Every Fourth of July, around 9pm, I go out to my backyard and lay down on my hammock to watch the show. In my neighborhood, there are several houses that put on elaborate (and, I imagine, expensive) fireworks displays every year. Last night was no different, as red and gold and green and white and blue lit up the night sky for two hours. I love to watch fireworks.
As the twilight’s last gleaming faded yesterday, I noticed, much nearer to me than the fireworks, a smaller light in the darkness. It disappeared. Then, a few feet from where I first saw it, it reappeared. It was a firefly, flitting its way through the yard.
I used to watch fireflies all the time as a kid. How could it be that there were bugs with light-up butts? I loved following their trail as it appeared and disappeared through the tall grass along the alley behind the house. I remember competing with my brother to see who could catch the most. When friends were over at dusk, we’d go outside to follow the fireflies around the yard. Even visiting my great-grandma’s farm, two states away, the adults sat on the old wraparound porch while the kids chased fireflies.
The flickering lights of the fireflies provided hours of entertainment and wonder. All summer long, as the day turned to night, there were fireflies.
Fireflies can hardly compete with fireworks when it comes to the “whoa” factor. Fireworks are brighter, louder, and all-around more attention-grabbing. Despite this, it’s fireflies that fill the memories of my childhood twilights. Fireflies are remarkable in their own way. Despite their uniqueness (what other bug glows?), fireflies are a dependable and touchable summertime experience. Anyone who’s patient and attentive enough can catch one. With enough fireflies, they light up the night with their own magic.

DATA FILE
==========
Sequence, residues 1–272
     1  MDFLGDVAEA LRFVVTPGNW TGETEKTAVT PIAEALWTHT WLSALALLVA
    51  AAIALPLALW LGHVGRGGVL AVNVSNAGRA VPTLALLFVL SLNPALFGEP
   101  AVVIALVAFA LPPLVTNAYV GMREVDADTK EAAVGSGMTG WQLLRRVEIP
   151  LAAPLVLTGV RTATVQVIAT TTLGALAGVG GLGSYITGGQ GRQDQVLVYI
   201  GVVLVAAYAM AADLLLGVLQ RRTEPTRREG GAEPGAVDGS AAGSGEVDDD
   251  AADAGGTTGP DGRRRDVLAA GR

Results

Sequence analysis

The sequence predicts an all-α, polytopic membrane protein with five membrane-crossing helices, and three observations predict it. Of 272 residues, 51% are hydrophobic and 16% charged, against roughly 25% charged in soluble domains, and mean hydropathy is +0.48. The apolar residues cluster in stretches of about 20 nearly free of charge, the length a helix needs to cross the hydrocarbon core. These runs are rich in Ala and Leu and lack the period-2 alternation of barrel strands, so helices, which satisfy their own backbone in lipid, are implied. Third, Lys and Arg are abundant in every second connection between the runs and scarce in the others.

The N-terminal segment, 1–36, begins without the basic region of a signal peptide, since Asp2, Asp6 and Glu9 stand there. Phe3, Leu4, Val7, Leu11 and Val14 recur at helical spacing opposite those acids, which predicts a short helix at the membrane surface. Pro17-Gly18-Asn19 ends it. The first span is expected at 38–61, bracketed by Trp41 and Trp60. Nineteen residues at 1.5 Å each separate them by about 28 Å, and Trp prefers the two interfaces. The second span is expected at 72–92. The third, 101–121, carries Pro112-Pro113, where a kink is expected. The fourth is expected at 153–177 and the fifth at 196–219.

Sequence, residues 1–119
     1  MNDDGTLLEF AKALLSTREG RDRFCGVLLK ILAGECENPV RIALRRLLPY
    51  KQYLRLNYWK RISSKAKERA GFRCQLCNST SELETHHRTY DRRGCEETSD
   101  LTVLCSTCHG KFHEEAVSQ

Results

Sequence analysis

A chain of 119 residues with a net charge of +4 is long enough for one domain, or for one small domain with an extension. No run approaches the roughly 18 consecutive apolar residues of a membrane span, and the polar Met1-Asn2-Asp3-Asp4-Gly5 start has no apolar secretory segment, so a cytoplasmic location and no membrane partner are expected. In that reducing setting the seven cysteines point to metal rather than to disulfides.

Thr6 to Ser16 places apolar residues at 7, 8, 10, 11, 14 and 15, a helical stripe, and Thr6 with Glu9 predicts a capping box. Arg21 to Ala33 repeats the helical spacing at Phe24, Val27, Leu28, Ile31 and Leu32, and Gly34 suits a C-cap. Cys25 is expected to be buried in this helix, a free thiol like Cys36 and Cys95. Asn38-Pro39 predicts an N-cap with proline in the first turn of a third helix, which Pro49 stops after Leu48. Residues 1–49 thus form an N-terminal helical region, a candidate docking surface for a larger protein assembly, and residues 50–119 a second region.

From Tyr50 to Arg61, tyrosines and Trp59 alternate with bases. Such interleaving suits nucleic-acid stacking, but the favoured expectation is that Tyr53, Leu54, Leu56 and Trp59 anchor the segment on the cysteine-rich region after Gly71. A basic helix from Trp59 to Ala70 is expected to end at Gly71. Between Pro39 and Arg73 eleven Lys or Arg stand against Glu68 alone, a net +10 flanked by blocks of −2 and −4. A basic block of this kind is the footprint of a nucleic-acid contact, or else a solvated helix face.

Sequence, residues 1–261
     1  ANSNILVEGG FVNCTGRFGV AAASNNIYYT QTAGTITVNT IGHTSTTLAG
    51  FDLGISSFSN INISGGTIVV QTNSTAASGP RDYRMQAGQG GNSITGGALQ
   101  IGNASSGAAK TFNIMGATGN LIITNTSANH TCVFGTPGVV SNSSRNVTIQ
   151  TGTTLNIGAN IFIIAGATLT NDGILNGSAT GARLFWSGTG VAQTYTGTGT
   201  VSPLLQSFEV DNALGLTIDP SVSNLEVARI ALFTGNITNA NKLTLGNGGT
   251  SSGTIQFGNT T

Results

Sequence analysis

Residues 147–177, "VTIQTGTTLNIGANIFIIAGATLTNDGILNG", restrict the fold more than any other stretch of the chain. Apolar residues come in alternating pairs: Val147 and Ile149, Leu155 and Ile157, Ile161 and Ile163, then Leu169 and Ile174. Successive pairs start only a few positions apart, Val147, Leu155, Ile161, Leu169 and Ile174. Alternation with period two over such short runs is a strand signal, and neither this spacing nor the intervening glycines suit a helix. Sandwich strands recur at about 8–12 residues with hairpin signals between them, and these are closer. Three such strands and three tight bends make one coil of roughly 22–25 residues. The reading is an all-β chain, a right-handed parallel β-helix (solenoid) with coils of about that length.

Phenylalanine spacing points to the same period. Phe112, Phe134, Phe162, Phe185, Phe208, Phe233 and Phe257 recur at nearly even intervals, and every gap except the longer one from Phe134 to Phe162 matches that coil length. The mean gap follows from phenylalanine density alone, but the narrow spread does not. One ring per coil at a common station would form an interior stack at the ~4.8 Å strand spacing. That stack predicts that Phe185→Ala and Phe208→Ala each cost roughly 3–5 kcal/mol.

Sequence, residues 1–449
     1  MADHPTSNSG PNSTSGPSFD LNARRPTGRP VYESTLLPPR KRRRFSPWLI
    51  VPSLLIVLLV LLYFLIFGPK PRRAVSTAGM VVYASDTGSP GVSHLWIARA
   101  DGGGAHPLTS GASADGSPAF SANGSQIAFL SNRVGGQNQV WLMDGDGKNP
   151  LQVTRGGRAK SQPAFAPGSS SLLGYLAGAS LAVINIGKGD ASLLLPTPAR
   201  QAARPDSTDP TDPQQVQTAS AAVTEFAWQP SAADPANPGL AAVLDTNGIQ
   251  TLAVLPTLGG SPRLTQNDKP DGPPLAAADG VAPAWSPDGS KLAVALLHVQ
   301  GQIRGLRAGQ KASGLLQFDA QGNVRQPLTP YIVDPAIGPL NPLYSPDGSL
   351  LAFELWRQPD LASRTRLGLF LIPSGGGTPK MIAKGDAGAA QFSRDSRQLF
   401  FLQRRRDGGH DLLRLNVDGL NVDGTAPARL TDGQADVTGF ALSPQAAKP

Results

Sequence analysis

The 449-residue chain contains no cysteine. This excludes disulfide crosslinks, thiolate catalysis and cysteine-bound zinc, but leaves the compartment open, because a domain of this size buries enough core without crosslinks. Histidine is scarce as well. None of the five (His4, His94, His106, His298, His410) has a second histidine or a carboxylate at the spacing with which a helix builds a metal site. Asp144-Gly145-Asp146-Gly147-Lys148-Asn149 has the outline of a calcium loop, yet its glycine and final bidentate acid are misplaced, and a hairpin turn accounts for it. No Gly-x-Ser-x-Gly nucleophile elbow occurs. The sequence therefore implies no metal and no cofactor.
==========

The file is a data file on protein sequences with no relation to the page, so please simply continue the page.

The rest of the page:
Faith, to grow and flourish, needs both big and small nourishment. Both fireworks and fireflies, in other words. We need, occasionally, to have moments or encounters with God that leave us in complete awe– perhaps in the form of attending a youth gathering, jamming at a concert by your favorite Christian musician, spending a week at church camp, or some other mountaintop experience. But that kind of high isn’t sustainable all the time any more than having fireworks every night would be sustainable.
In our lives of faith, we also need the small, everyday, flickering lights like those fireflies that defined my childhood summers. We need weekly worship, daily prayer, encouragement from our fellow pilgrims, regular service to our neighbors, correction when we sin, and forgiveness when we repent. These things might not be awe-inspiring every time. They might not make us gasp in wonder. But when they all shine together? They are just as captivating as a sky full of fireflies to a child.
God graciously gives us both big and small experiences, both fireworks and fireflies to light our way. We should be careful to attend to the small, everyday things of faith, so that we are nourished and enlightened until the next fireworks light up the sky.